60% of construction projects are not completed on time
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According to the Department for Business, Innovation and Skills (BIS), 60 per cent of construction projects are not completed on time. Modular builds can provide faster project completion, but what are the risks and benefits of this growing construction method? Here, Nick Cowley, managing director of window and door supplier to the offsite construction industry, Euramax, explains.
Reports suggest that modular construction can deliver projects 50 per cent faster than traditional construction while maintaining the same high quality. No surprises then, that the technique is considered the next mega trend in construction.
This enhanced completion time of modular construction has become vital for building classrooms, hospital wards and other facilities that requires immediate construction. In 2019, Europe’s tallest modular building, a block of housing apartments in Croydon, South London, was completed in just 35 weeks.
Modular construction refers to building projects in which 60 to 90 per cent of a build is constructed offsite. Typically, inside a factory environment.
Constructing the build elsewhere means work can start simultaneously alongside preparation of the site. Assembling modules in a factory also means there is greater quality control — unlike a site environment, faults can be resolved before the modules are fixed to the larger construction. This saves remanufacturing time and produces a more accurate build.
Manufacturing in a controlled environment also means external factors, such as weather conditions, cannot interrupt the development. As site managers in Britain will attest to, nothing presses pause on a construction project like an unexpected downpour. For time-sensitive projects, minimising this risk is essential.
Securing trustworthy relationships
While modular construction is praised for its speed, these builds require extreme technical intricacy. Measurements must be exact to ensure modules can fix together seamlessly. A measurement slightly under or over the figures specified could mean the build is flawed, slowing down project completion. Suddenly, this speedy construction option isn’t so quick.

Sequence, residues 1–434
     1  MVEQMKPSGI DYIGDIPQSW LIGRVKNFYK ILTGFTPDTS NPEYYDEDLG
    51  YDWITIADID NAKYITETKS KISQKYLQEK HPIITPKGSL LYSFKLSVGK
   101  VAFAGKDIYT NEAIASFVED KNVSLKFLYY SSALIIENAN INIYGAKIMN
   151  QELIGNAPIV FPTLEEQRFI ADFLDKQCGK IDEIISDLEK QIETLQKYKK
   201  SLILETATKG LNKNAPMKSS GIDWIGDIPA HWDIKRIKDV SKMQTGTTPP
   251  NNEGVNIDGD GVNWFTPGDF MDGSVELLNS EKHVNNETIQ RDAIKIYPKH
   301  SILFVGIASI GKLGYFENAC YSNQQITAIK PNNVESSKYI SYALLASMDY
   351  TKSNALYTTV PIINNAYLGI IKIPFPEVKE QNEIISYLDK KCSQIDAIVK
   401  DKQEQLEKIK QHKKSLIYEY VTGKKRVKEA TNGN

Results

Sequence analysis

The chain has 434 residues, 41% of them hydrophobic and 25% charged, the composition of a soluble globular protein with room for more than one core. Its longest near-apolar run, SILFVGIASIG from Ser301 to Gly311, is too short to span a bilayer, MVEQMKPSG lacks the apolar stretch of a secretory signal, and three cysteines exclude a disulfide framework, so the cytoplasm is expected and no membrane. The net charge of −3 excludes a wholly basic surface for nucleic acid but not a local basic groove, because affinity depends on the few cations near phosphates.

Establishing relationships with trusted suppliers and contractors is vital to ensure project predictability. There are many unreliable and dishonest professionals that will exploit construction’s need for quick project delivery, often leaving projects in the lurch — meaning work must be extended, or even abandoned.
Working with reliable companies for assistance on modular build projects can help to ensure that deadlines are met — and the same applies to features that are installed in the modules, such as windows and doors.
Euramax has 70 years of manufacturing experience of windows and doors for modular construction projects. In fact, Euramax is supplying its windows and doors to modular home manufacturer, Ilke Homes, for the production of 2,000 of its modular homes, demonstrating Euramax’s reliability for the modular build sector.
No matter how big or small a project — from hospitals to housing — extended completion times can cause problems. However, modular construction can ensure deadlines are met. With the BIS reporting 60 per cent of construction projects are not completed on time, modular construction methods could be increasingly looked upon to change this.
While it’s not possible to predict that a project will run smoothly, choosing reputable suppliers for modular construction projects can reduce delays, ensuring efficient completion and minimise the risk of any construction hiccups.
Euramax manufactures high quality windows and doors for modular buildings, here in the UK. More information on the company’s specialist expertise in this area can be found online.